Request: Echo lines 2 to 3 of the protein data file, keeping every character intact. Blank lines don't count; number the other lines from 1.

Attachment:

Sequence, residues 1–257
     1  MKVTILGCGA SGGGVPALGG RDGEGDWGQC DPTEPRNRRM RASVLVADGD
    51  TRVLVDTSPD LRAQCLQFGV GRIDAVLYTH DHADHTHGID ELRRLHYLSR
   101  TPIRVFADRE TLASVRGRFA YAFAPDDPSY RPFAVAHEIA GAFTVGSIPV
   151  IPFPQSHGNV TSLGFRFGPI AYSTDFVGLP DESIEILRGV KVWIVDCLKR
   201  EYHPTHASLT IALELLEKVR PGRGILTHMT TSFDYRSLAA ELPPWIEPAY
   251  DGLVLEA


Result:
     1  MKVTILGCGA SGGGVPALGG RDGEGDWGQC DPTEPRNRRM RASVLVADGD
    51  TRVLVDTSPD LRAQCLQFGV GRIDAVLYTH DHADHTHGID ELRRLHYLSR